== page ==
Lieberman: The servant who reigns
Lieberman and Prime Minister Benjamin Netanyahu are bringing us back to the sealed ghetto, surrounding us with a fence and a wall. This is not testimony to self-confidence. On the contrary: It shows a Diaspora-like weakness, as if we were still the slaves of Pharaoh.
There can no longer be any doubt about it: The Foreign Ministry is the best policed organization in Israel. No sooner does the minister announce the end of the time of obsequiousness than his dictates are followed and everything goes according to his resolute word.
As the student sometimes outshines his teacher, thus does the deputy outshine the minister. He carefully orchestrates a public humiliation ceremony. The ambassador waits in the hallway, facing the cameras, which were invited especially to shame him. After a delay, he is called with all due respect into the room, to be seated on a low chair facing his hosts, who are seated on higher chairs.
There is no choice but to teach those Turks a lesson; it's like justice itself - it must be seen, not just done. The deputy minister does not count on the reporters' intelligence. He makes sure to explain what is really going on. There is no Turkish flag, no handshake, no polite smiles; we are serious, as you can see. Thus will be done to the representative of the country that slanders us.
This may not be the end of it; it might be just the beginning: At the next meeting he will stand, that Turk; not even a bench will be offered. And if he doesn't behave himself, we'll make him do 50 push-ups.
Israel's ambassadors do not have it easy. They, too, are frequently summoned for "clarifications" that smack of reprimands. But no one has found it proper to shame them in public. These things simply are not done. But we have decided to do it, because only we need every now and then to produce a proper Zionist response. And perhaps our ambassadors deserve to be harassed a little because none of them has ever stood up and said to the minister and his deputy: That's it, from here on in you will get along without me.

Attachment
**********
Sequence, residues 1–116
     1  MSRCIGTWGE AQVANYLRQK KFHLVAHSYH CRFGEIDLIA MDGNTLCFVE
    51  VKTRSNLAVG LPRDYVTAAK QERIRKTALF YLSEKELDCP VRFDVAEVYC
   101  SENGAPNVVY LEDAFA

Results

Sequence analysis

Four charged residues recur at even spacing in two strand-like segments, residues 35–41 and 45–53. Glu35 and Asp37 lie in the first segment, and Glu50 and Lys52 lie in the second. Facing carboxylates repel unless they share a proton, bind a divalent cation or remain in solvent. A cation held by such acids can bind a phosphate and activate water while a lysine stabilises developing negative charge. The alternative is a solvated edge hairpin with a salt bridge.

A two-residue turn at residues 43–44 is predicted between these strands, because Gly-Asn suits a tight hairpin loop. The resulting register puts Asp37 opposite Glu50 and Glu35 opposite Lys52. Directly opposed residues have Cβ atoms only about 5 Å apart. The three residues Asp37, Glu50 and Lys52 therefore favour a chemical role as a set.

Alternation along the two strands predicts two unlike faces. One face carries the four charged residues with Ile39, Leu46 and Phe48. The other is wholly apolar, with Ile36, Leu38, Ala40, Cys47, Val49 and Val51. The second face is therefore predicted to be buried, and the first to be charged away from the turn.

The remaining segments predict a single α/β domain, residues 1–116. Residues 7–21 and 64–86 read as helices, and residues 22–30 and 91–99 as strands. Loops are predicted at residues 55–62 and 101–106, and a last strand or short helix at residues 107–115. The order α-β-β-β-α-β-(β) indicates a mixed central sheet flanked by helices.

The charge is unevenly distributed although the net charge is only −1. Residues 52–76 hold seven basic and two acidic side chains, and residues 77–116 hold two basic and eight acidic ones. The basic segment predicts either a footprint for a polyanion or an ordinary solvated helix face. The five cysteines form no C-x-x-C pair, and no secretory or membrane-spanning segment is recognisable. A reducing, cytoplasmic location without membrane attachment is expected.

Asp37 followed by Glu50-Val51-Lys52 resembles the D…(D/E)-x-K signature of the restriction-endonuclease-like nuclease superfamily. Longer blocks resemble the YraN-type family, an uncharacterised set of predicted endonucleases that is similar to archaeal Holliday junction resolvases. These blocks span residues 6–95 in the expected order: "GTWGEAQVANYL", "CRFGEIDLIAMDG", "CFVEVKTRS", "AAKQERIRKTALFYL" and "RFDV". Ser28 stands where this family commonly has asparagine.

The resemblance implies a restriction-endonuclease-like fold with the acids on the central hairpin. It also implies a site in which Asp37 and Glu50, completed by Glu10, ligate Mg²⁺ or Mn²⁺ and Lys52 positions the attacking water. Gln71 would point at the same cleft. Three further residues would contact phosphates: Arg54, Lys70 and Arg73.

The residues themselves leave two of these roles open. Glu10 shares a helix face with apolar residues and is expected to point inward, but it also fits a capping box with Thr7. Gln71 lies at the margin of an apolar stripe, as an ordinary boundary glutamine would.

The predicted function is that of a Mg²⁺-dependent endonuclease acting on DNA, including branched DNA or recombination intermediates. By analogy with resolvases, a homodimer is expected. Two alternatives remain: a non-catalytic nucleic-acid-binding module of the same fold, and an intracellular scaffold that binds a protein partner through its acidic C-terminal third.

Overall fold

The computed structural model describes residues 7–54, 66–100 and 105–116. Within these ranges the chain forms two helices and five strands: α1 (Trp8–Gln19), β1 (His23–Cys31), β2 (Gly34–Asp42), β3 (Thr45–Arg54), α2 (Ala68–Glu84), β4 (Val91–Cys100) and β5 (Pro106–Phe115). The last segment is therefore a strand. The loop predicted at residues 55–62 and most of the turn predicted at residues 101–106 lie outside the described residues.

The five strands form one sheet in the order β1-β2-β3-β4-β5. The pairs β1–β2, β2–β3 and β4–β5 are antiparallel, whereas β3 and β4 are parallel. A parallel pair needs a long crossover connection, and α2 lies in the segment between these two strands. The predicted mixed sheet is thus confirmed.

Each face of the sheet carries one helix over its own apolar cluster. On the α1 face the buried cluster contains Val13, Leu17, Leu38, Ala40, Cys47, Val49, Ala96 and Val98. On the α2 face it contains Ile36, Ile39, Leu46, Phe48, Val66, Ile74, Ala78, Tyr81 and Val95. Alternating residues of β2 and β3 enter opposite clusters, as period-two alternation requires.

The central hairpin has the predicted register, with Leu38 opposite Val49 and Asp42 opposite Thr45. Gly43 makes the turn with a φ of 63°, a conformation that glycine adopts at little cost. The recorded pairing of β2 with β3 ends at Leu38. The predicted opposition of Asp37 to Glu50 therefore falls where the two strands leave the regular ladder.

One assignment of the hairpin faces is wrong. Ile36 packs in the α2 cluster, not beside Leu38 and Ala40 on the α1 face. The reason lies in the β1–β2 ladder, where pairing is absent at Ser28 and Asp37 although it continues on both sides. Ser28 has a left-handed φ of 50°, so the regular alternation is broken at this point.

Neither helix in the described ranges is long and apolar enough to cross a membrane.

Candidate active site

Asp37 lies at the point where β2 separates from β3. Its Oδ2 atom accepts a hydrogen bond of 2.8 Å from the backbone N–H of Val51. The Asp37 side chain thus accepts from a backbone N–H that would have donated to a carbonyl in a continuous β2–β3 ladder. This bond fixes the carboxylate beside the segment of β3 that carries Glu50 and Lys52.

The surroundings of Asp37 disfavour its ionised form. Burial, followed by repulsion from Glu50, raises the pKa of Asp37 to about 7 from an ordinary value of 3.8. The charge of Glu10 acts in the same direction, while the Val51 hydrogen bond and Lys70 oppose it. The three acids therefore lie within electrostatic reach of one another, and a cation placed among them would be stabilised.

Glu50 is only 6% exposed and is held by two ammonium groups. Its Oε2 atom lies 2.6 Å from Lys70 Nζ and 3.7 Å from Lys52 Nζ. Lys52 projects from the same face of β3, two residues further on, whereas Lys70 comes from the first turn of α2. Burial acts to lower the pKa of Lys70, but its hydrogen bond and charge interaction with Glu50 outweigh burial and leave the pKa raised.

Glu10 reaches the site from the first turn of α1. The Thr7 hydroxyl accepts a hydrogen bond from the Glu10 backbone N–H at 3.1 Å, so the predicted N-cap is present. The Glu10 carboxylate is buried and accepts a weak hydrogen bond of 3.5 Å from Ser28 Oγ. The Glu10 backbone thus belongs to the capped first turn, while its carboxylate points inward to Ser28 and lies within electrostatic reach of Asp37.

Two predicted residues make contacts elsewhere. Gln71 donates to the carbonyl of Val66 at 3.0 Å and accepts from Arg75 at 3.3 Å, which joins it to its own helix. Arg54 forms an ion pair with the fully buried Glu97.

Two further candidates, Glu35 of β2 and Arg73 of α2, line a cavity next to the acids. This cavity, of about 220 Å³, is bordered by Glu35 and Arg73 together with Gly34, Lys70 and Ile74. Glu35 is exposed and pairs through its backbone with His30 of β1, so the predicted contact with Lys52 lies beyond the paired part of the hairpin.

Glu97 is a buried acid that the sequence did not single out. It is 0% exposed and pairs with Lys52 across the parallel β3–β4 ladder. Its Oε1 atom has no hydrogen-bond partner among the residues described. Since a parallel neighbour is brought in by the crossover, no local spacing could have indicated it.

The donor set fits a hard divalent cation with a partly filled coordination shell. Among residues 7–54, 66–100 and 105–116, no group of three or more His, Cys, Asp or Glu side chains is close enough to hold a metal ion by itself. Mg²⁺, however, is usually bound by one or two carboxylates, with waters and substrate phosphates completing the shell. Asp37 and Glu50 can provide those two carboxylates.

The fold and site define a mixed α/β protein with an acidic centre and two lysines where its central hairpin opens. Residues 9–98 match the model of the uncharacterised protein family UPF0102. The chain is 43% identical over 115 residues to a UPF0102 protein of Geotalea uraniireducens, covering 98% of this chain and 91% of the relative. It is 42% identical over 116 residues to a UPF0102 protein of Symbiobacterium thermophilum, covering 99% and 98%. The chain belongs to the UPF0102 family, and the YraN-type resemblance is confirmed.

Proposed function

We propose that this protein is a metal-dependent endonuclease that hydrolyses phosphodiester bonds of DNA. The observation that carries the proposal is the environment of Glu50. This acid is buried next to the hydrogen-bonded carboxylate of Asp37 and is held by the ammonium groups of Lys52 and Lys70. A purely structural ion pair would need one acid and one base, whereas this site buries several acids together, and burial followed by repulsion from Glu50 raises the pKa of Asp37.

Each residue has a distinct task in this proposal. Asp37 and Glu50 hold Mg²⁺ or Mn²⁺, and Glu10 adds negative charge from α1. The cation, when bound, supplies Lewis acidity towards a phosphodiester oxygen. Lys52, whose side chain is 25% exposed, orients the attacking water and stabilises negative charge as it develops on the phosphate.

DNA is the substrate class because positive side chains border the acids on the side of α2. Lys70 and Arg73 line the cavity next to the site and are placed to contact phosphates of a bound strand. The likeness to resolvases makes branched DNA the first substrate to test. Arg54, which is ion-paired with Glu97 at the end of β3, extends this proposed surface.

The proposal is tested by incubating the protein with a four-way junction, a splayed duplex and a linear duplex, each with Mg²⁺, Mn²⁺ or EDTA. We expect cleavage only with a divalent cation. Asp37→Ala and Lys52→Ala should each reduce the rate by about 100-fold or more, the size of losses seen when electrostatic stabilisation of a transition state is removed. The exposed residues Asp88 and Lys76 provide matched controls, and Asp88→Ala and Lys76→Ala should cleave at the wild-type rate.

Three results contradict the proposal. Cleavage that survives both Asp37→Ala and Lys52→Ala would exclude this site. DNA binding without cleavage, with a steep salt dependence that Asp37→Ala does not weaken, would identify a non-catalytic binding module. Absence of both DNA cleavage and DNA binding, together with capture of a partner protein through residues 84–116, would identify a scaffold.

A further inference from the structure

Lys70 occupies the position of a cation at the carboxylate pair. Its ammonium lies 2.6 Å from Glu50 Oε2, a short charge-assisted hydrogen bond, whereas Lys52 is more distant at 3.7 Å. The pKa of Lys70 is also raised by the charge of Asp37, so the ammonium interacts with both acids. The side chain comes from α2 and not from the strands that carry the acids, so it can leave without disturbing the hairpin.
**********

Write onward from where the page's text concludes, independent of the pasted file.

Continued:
Isn't Avigdor Lieberman bringing back the glory of old? Is he not redeeming Zionist dignity at its best? After all, the founding fathers wanted to take the Diaspora out of the national bloodstream, to no longer be the sorry Jew who dances like a miserable bear for the nobleman. Now in the time of our freedom we are the noblemen, and the gentiles will dance for us.
If that's the case, why are we ashamed at the sight of this proud Jew, who is like the proverbial servant who reigns? We can't understand why such a patriotic act looks to us like something a punk would do.
I checked into the matter yesterday and discovered that the lights were on all night in the foreign ministries of every Western country, asking each other's advice. They saw what had gone on in Jerusalem, how an ambassador was brought to his knees; they saw and were afraid. Who among them is willing to be next to be condemned to public scorn in front of the whole world. From now on they will carefully weigh every word that comes out of their mouths. Israel has restored its diplomatic deterrence this week. So why does it seem to me that I see winks and hear whispering behind our backs asking whether the Israelis have gone completely crazy?
The Israel of David Ben-Gurion intended to restore the Jewish people to history and to the family of nations. But Israel insists on being that family's disturbed stepbrother. Lieberman and Prime Minister Benjamin Netanyahu are bringing us back to the sealed ghetto, surrounding us with a fence and a wall. This is not testimony to self-confidence. On the contrary: It shows a Diaspora-like weakness, as if we were still the slaves of Pharaoh. We got through Pharaoh, but it's not at all certain we will get through this government, which seats such a low person on such a high seat. How ludicrous, how frightening.